Those with a genuine interest in the pragmatic side of photography, video and filmmaking will get bored with the DXOMark specs eventually, anyway. Then they'll start following you and knight Andrew on the quest for the Holy Reel. 

 

But meanwhile, let the French soldiers keep their outragous geek accents and their cows wrapped in DXOMark sheets.  After all, this thread is their castle, it's only a model, and they're minding their own business behind it peacefully. Save your Holy Hand Granade for the killer rabbit, which is much more dangerous to all of us, you know.  :P

 

Life online isn't supposed to be too serious, anyway, is it. Carry on. 

/OT

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Someone I know was hired to shoot a video for SONY using the F55.  He used a GH4 for B-Roll and said when the whole thing was down scaled to HD it was freeking amazing.  Said both he and SONY were very pleased.  Said that the GH4 when the in camera 4k gets downscaled to HD 1920x1080, it makes by far the best looking HD he has ever shot using an affordable camera.  Even better he says then the BMCC 2.5k. Since most of us wont actually deliver much of anything to clients in actual 4k.  Sounds like a prretty good deal to me.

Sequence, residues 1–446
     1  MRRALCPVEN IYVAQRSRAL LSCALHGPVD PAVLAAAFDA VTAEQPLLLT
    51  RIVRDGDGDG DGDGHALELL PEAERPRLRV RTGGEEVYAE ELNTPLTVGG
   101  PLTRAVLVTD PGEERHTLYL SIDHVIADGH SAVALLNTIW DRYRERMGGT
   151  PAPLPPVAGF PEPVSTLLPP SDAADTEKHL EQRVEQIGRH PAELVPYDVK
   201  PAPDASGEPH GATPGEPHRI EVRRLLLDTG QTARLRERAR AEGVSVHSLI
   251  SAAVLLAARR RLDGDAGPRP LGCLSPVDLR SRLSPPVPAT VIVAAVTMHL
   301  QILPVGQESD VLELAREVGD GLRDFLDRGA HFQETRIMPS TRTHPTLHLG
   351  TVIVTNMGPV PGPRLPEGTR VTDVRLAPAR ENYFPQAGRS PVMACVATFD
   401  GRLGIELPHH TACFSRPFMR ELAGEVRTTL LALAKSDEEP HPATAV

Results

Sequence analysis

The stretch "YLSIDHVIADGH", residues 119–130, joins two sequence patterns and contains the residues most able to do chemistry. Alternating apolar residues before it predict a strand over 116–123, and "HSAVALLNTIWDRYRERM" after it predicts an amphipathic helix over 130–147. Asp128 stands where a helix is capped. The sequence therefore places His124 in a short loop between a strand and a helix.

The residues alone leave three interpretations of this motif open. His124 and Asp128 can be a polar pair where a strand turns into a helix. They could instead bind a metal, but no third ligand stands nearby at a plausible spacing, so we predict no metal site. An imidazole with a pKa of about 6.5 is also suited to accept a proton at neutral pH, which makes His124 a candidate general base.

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Check this chart from Imaging Resources:
' alt='' class='ipsImage' >

Highest detected range: 13.3 f-stop
Where is that 14.4 number?

and this one is even more realistic (also closer to my guess):

http://home.comcast.net/~NikonD70/Charts/PDR.htm#D800E

 

That home.comcast (whoever does those) measurements makes no sense. 7d has six stops of latitude at ISO 1600 according to that? Yeah no. They must be measuring completely bonkers.

 

And about that Imaging Resources link. They say this: "The total dynamic range score is about as high as it can get with the Stouffer 4110 stepchart using an actual lens (the lens likely introduces a small loss in dynamic range)"